Peter Dutton is on medical leave and will not return to Parliament this week after detaching his biceps from the bone in a DIY mishap.
The Home Affairs minister remains under fire over his interventions in the Victorian state election including suggesting voters were too afraid to go out to dinner because of African gangs.
But it’s at home where the senior Liberal found danger on the weekend when he was – literally – mending a fence.
It’s understood he stretched out to lift a timber rail and detached his biceps from the bone. He underwent surgery on Saturday.
“Last Friday afternoon, I suffered an injury to my arm which required surgery over the weekend,” he announced on Twitter.
“I have taken medical leave from parliament this week. The AG (Christian Porter) will act for me in my absence and will continue progressing the important national security legislation which I hope Labor will support and be dealt with this sitting fortnight.”
— Peter Dutton (@PeterDutton_MP) November 25, 2018
The loss of Peter Dutton could be catastrophic for on the floor of Parliament, but it’s understood Labor will offer him a “paired” vote on medical grounds. That means a Labor MP does not vote to cover his absence.
That complicates Labor’s hopes of securing an absolute majority of 76 votes to suspend parliamentary business to debate a national anti-corruption watchdog and suggests it will have to wait until the second parliamentary sitting week.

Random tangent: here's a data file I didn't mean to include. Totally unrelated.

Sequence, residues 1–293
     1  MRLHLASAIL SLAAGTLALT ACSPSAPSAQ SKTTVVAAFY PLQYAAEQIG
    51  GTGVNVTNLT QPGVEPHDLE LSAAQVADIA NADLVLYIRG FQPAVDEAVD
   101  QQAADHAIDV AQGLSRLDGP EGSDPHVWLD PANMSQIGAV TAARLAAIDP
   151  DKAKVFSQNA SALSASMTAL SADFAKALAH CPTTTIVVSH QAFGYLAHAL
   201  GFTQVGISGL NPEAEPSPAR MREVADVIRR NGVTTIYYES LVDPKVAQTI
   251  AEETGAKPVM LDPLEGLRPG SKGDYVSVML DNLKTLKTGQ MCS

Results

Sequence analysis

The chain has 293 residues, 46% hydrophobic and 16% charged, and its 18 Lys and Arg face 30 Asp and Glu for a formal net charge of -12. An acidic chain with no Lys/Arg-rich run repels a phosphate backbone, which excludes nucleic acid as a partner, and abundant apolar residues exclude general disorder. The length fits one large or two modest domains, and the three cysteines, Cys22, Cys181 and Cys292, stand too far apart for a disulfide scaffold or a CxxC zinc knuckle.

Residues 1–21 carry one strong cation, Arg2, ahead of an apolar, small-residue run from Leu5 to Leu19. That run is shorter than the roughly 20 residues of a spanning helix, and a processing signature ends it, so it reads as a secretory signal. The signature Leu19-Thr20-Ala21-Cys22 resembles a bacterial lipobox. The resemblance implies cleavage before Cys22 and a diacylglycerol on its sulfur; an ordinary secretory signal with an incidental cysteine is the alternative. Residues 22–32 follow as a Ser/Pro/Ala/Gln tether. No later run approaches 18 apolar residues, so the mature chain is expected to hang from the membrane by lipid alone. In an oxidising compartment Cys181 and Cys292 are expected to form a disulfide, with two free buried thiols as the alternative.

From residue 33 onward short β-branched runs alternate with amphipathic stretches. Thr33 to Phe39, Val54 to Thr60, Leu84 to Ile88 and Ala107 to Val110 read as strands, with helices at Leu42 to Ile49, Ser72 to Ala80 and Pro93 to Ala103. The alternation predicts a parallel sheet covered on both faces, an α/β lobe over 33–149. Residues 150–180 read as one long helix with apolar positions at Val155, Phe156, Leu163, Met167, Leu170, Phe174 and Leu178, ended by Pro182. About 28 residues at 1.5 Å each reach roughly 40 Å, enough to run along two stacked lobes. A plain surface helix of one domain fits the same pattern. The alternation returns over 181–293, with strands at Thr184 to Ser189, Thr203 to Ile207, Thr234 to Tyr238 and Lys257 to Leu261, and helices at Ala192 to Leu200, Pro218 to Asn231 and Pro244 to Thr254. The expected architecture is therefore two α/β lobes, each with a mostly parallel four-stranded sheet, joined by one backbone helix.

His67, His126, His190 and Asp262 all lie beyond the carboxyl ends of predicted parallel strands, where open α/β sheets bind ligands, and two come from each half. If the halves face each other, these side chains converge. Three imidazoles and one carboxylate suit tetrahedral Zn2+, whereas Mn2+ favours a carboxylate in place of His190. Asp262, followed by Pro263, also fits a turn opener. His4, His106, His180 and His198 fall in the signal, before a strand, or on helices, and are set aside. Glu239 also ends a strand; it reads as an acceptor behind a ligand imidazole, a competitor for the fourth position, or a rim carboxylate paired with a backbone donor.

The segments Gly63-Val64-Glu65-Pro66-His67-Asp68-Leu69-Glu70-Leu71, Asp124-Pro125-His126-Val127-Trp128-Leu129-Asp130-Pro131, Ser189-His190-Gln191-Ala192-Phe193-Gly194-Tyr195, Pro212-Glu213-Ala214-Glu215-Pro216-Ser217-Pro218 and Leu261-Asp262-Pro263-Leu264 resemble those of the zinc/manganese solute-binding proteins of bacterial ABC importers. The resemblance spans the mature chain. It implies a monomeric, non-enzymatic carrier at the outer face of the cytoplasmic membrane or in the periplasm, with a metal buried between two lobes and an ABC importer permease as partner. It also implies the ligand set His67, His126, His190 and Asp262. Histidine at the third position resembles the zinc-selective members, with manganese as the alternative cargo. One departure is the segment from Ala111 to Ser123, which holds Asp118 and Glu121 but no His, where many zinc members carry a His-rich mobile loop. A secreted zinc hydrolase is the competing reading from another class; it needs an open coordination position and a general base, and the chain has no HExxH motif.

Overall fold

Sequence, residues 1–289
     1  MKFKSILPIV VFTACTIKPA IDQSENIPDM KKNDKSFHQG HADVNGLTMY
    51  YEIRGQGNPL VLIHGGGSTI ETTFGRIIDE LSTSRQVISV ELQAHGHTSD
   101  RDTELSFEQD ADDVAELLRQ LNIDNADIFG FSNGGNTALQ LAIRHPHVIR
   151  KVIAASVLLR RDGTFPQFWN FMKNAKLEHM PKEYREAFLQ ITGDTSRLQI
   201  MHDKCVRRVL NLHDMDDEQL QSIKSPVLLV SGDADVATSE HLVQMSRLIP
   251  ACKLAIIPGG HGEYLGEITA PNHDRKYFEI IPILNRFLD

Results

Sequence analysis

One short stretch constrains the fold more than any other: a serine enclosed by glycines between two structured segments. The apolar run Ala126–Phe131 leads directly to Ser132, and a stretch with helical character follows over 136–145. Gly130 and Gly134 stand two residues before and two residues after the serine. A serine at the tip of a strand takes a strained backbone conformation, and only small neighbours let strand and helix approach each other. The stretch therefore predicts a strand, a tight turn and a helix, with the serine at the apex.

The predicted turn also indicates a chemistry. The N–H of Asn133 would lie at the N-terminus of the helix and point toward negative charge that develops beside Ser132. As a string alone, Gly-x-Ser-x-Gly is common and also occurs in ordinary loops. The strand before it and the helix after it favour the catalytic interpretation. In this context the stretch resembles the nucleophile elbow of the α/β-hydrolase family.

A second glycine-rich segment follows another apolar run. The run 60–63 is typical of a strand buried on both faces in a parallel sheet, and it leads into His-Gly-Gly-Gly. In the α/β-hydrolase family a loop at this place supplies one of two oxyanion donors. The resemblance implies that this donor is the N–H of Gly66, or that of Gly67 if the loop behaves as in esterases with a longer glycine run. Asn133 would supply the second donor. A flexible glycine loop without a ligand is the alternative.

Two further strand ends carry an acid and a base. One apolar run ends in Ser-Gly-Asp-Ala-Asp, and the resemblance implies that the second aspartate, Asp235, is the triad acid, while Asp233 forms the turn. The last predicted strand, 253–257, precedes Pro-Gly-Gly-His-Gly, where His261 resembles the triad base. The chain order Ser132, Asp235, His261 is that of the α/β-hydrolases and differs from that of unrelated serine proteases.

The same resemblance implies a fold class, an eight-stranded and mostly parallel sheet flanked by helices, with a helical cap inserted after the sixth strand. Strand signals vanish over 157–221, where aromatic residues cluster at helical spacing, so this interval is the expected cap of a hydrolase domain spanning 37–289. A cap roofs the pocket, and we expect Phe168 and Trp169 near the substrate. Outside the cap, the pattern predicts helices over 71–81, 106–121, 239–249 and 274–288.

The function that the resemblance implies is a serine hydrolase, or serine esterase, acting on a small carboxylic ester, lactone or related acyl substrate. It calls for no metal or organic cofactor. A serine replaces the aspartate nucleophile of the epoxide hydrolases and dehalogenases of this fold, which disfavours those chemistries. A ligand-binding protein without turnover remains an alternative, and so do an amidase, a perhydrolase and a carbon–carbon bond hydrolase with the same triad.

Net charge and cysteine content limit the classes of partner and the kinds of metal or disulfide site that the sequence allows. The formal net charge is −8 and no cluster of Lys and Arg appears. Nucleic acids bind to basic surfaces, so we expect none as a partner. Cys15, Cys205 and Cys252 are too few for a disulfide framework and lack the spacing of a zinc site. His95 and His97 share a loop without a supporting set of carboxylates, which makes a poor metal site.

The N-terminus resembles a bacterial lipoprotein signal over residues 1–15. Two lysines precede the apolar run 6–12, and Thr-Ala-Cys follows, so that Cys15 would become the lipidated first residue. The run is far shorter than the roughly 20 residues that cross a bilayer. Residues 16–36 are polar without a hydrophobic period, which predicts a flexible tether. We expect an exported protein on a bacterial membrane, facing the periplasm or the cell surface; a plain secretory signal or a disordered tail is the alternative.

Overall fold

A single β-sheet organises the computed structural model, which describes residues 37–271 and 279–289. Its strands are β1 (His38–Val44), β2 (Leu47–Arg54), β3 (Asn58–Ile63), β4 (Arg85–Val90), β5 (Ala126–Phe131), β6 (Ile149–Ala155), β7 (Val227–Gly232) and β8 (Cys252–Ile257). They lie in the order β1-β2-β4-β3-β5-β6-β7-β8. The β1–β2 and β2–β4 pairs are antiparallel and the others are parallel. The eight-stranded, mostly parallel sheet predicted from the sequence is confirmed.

An absolute majority still requires 76 votes, regardless of any absent MPs.
Labor has 69 votes but theoretically can pass legislation if it secures the support of all six independent cross benchers but would also require a Liberal MP to cross the floor. If it is “pairing” any votes is will require more MPs to cross the floor.
Since the election of independent Kerryn Phelps in the seat of Wentworth, the Coalition has lost its majority and needs the support of one independent cross bench MP or the Labor Party to pass laws
Mr Dutton had planned to spend the week attacking the Labor Party over failing to announce a position on laws to grant more access to the encrypted messages of terrorists and pedophiles.
Labor leader Bill Shorten signalled this morning the ALP is likely to support the measures.
“I’ll be guided by the best evidence when it comes to national security,” he said.
“The government certainly said there is a major rush to resolve these matters, they could be right, I’ll wait until the detail. But what I want to say to Australians who hear the government talk about national security, and they look at the division and chaos in Parliament – I want to reassure them when it comes to national security, Labor and Liberal are in this together.
“We’ve worked with them on 15 occasions successfully, we’ve made 300 improvements. So I just want to reassure Australians there’s a process, we’ll get it right, we’ll work together, because when it comes to keeping Australians safe we’re all in this together.”